At the midpoint of my college career, I overlooked a great need of change. During the first few years of undergraduate school, I had surrounded myself with friends who influenced me in a way that seemed completely healthy. It took me two years to realize it was not healthy at all. They had instilled in me the desire to break rules and feel no remorse along the way. I chose to conform to a lifestyle because it seemed different and more exciting than anything I had ever known.
Attending a small Christian college made it easy to take a negative stance on the administration. With the hefty amount of rules set in place, I felt as though I had all authoritative eyes on me. I viewed my professors and resident assistants as my babysitters who all watched and waited for me to slip up so I could be punished. As much as I loved breaking rules, I hated getting into trouble.
After those two years, I decided I would transfer to a public university where I would find more freedom. After all, that is what my friends were doing, and I could not imagine being left behind at private school. The people I cared about most were dragging me along with them. While they were not necessarily leading me away from God, they were indeed pulling me away from the place where I would soon find renewal.
Due to financial ties, I was forced to stay at the tiny private college for the remainder of my time in undergraduate school. God works in mysterious ways.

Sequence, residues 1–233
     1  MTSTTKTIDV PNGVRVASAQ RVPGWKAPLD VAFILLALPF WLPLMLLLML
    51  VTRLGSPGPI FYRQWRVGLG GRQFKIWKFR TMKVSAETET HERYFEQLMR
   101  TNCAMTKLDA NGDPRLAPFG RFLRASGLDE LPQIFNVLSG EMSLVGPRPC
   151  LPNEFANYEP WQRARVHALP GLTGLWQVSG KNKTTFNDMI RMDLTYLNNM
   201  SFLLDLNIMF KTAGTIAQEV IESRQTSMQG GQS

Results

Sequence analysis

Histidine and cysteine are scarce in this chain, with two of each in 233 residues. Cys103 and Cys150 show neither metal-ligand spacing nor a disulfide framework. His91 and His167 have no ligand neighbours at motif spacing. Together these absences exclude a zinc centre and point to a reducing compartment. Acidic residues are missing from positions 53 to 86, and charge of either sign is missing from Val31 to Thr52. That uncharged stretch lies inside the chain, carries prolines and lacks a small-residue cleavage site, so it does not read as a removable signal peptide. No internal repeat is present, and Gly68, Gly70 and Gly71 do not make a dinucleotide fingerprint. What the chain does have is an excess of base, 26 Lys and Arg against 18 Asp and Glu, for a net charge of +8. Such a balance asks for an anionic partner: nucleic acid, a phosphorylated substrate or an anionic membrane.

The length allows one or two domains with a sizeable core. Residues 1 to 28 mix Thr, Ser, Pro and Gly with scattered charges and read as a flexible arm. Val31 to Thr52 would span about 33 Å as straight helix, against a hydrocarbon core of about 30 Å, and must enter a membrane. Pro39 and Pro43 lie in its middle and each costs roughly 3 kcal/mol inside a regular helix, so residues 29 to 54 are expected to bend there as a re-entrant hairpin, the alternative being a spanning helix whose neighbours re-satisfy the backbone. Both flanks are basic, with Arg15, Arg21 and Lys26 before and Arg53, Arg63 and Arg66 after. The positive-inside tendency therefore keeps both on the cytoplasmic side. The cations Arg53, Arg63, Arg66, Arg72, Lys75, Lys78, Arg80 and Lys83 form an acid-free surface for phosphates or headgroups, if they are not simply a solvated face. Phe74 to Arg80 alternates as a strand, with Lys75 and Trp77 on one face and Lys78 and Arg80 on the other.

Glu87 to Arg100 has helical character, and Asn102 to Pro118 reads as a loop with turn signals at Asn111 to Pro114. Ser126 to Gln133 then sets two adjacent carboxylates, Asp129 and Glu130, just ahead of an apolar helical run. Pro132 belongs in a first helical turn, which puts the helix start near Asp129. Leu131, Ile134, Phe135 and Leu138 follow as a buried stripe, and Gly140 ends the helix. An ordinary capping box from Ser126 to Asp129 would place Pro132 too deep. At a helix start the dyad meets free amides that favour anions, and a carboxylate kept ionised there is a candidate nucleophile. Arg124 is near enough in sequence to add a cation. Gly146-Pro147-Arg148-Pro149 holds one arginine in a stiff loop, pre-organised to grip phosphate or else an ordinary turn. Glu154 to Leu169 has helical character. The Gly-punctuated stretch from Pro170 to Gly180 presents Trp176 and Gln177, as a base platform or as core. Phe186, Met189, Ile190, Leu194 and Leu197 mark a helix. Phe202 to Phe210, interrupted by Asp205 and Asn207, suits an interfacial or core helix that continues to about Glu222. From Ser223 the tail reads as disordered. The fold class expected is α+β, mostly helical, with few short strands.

I started making new friends, since most of mine had graduated or transferred. I surrounded myself with good people who actually cared about me and my hopes and dreams. These new friends never for a second pressured me to be anything more or less than myself. I began to appreciate my small school and embrace the environment that was so nurturing to my faith. I was renewed.
I cannot help but wax nostalgic at times about my rebellious stage. That rough time in my life was necessary for me to realize it was not what I wanted permanently. Once I stepped through the threshold of a new chapter in my life, I quickly realized I was ready for something new and refreshing that would uplift my faith.
I learned that God provides free will for us to grow through our mistakes. I learned that you cannot find renewal until you are ready. But what does it mean to be ready?
For me, “being ready” for renewal meant being open and willing to change without anxiety. It required letting go of the past, but not forgetting my journey. Most importantly, it meant looking forward to the promise of being made better and stronger through the renewal that God brings.
Rebecca McLemore is a 2016 graduate of Greenville College in Greenville, Illinois. Her bachelor’s degree is in business management, and she has a heart for economic empowerment through servanthood.
- How can Christians find daily renewal?
- How does readiness connect to free will?